Is targeting human cells, rather than the virus itself, key to preventing the next pandemic?

Author: Deanna Csomo McCool

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Geoffrey Siwo, research assistant professor in the Department of Biological Sciences at the University of Notre Dame, realized there may be a way to develop therapies for new viruses. Rather than target a virus, he is looking at methods to stimulate the natural antiviral defense systems present in all cells and that can work broadly against a wide variety of viruses … known, unknown, and mutant.

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Climate change can reduce the success of interventions that combat infectious disease

Author: Deanna Csomo McCool

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Research from the lab of Jason Rohr, the Ludmilla F., Stephen J. and Robert T. Galla College Professor of Biological Sciences, and collaborators, published recently in Proceedings of the National Academy of Sciences (PNAS), demonstrated significant findings about when to target interventions that control the spread of the tropical disease schistosomiasis. 

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Restorative Justice through Nature: Elsa Barron '21 and Karli Siefker '21

Author: Natalie Ambrosio '17


A baby preying mantis will extend its front legs and make itself appear as tall as possible to fend off a hungry spider. This may seem trivial, or perhaps humorous, and indeed, the group of teenage boys in DePaul Academy’s biology class laughed when they first saw a video of this encounter. But then, when asked to think more about it, the conversation turned to how us humans are similar to the preying mantis – sometimes we act big and tough when we don’t want to get hurt. These students could relate to the insect, and thus, grow in their connection to nature. …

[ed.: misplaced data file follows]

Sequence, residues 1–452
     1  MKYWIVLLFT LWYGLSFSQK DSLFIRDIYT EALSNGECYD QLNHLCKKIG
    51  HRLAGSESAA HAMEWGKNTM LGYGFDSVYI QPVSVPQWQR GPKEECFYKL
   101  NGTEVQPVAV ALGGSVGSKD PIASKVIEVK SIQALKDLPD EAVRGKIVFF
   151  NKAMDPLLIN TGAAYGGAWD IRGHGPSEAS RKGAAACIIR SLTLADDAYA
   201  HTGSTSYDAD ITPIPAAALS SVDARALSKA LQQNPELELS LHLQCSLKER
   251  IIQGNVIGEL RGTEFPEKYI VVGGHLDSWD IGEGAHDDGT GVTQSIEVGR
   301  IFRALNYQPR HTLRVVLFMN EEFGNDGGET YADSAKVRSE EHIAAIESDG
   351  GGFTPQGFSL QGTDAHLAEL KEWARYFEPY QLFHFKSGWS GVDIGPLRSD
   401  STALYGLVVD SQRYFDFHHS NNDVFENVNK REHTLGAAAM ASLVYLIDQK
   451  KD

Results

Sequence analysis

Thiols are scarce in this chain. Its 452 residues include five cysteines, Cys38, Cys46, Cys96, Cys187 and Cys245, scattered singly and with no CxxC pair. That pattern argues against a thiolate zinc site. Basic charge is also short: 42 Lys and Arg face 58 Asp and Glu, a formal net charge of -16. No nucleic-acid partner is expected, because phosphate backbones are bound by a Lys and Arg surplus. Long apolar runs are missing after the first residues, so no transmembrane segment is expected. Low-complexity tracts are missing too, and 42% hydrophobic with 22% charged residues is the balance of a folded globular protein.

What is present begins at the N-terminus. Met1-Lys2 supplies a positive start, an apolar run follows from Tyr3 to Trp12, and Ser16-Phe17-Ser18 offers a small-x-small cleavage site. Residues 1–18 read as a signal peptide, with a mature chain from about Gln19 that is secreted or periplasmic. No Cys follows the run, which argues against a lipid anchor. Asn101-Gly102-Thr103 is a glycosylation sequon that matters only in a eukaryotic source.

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The Notre Dame Institute for Advanced Study announces its 2021-2022 class of fellows

Author: Olsen, Kristian and Brandi Wampler

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The Notre Dame Institute for Advanced Study (NDIAS) has announced its faculty fellowship class for 2021-2022. The 11 residential fellows come from top research universities, including Notre Dame, and have diverse research interests that span the disciplines, including ecology, political science, anthropology, history, food studies, and creative nonfiction. They will come together for a year of intensive collaborative research on Resilience, the NDIAS’s organizing research theme for 2021-2022.

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